Tag Archives: Gay history

UNDETECTABLE Launches

Yesterday marked the 33rd World Aids Day. And our new film, Undetectable, about HIV/AIDS launched.

Canada has the solution to end HIV infections and stop the world-wide AIDS epidemic. So why are people still dying of AIDS? The TELUS Original documentary Undetectable looks at the history, breaks down the roadblocks, and exposes the gatekeepers that have stopped the world from becoming HIV/AIDS free.

The film is free to watch on Facebook and YouTube. Please watch and share widely. The film is a call to action. AIDS is a pandemic we can defeat—so let’s get it done!

Undetectable was produced by Snapshot Studios with the assistance of the Government of Alberta, Alberta Media Fund and Calgary Arts Development, in collaboration with the Calgary Gay History Project.

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It Was a Place to Meet People Like Me: Sport & YYC LGBTQ+ History

{Free public lecture at the University of Calgary on December 2nd at 7 PM, hosted by the Calgary Institute for the Humanities—see their press release below. – Kevin}

Please join us for a talk by Calgary Institute for the Humanities 2020-21 Resident Fellow William Bridel

“Our history is about the stories, lives, experiences, and thoughts of individuals who built their lives around their newfound and often hard-won identity. We cannot lose that”. Stephen Lock wrote those words in the October 1994 issue of Clue!, one of Calgary’s queer publications at the time. In 2018, LGBTQ+ historian Kevin Allen released Our Past Matters: Stories of Gay Calgary, noting that the project was “ultimately about memory, and recording these essential stories of our humanity.” In this talk I follow the lead of Lock and Allen, by using archival and interview materials to explore the place of sport in Calgary’s LGBTQ+ history, from the 1970s through to the early 2000s. From softball to volleyball, running to swimming, Apollo Friends in Sport, and the Gay Games, the retelling of these stories on their own and in conversation with one another, reveal that sport played a necessary but sometimes complicated role in individual empowerment, community-building, and the Pride movement.

Clue! Magazine Cover, August 1994

Dr. William Bridel is Associate Professor and Associate Dean (Academic) in the Faculty of Kinesiology at the University of Calgary. He specializes in sociocultural aspects of sport, physical activity, and the body. Current projects include investigations of LGBTQI2S+ inclusion in sport, as well as inclusion and safe sport policy. He is also interested in sport-related pain and injury, with a recent focus on athletes’ experiences of sport-related concussion.

This event will be simultaneously hosted in a live venue (University of Calgary, Taylor Institute Forum) and online on Zoom. All registrants will receive event details one week before the event and may decide to attend in either setting.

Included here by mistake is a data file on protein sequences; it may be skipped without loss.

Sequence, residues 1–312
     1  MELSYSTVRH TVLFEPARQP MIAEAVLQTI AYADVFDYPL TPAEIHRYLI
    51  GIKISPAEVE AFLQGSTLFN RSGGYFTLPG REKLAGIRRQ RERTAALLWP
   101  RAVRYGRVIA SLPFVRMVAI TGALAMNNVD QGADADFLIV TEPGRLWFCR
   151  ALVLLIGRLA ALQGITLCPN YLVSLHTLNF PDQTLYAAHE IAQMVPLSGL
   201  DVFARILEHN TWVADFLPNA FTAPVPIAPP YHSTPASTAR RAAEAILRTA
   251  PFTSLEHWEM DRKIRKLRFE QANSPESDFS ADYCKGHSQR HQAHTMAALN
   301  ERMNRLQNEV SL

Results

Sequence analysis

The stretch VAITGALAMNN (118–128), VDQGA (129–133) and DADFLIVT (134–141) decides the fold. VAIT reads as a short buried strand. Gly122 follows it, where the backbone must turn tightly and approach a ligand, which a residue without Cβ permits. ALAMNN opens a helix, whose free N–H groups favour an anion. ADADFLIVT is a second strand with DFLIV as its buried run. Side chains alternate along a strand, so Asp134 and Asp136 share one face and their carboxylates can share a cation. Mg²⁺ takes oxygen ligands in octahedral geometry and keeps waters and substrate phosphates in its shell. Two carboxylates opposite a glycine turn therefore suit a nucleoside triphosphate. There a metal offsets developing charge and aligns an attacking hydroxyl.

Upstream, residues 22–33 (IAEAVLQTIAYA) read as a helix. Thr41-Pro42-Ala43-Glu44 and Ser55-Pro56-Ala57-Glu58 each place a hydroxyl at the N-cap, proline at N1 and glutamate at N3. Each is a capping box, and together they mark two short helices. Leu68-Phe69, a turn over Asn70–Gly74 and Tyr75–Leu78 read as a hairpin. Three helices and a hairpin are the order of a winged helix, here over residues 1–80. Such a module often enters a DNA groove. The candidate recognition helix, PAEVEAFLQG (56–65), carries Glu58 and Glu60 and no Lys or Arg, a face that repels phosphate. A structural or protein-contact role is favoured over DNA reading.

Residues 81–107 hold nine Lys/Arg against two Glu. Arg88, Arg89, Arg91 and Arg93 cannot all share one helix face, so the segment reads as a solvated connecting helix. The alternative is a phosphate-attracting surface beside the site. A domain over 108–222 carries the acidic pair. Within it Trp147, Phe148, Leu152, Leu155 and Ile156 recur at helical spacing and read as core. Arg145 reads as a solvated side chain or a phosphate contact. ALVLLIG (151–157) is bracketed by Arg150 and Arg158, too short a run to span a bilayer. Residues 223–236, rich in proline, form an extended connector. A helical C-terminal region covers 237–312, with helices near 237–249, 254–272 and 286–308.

In-person attendees are required to follow all UCalgary COVID-19 event requirements: see event for details.

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The LGBTQ2+ National Monument Finalists

Have your say! Five design teams have been shortlisted for the National LGBTQ2+ Monument in Ottawa. Canadians have the opportunity to review the amazing designs and provide feedback {it’s hard to pick a favourite}! The feedback survey is open until November 28th.

A collage of conceptual designs for the proposed LGBTQ2+ National Monument

The LGBT Purge Fund is the mobilizing force behind the Monument. It is working in partnership with Canadian Heritage, which is facilitating the development of the Monument in collaboration with the National Capital Commission.

The Monument will acknowledge discrimination experienced by LGBTQ2+ communities and the abuse perpetrated by the Canadian state, including during the LGBT Purge. While recognizing enduring injury and injustice, the LGBTQ2+ National Monument will educate, memorialize, celebrate and inspire. It will be guided by principles of inclusion, Indigeneity, visibility and timelessness.

Michelle Douglas, executive director of the LGBT Purge Fund said, “The five proposed designs for the LGBTQ2+ National Monument are inspiring, creative and powerful. The LGBT Purge Fund is grateful to the design teams for answering the challenge of realizing the vision for this monument and for creating such evocative designs that tell the story of discrimination against LGBTQ2+ communities in Canada. We are now at an exciting stage in the process where we need to hear from people across this country. We want as many people as possible to have their say on these designs and be part of the next chapter of this story.

Completion of the Monument is planned for 2025.

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